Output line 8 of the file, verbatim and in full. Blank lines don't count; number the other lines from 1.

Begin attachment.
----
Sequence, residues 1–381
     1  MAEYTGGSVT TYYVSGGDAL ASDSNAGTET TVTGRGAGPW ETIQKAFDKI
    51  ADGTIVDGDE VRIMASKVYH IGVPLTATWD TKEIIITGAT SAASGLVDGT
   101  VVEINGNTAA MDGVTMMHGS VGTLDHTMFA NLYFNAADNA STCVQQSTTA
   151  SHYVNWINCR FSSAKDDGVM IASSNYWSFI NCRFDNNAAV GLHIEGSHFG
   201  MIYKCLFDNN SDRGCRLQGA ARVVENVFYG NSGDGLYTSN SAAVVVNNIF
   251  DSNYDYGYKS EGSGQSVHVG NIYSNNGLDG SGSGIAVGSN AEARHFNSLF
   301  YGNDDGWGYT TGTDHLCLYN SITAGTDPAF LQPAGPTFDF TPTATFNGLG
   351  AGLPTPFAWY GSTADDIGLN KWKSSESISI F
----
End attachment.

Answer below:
   301  YGNDDGWGYT TGTDHLCLYN SITAGTDPAF LQPAGPTFDF TPTATFNGLG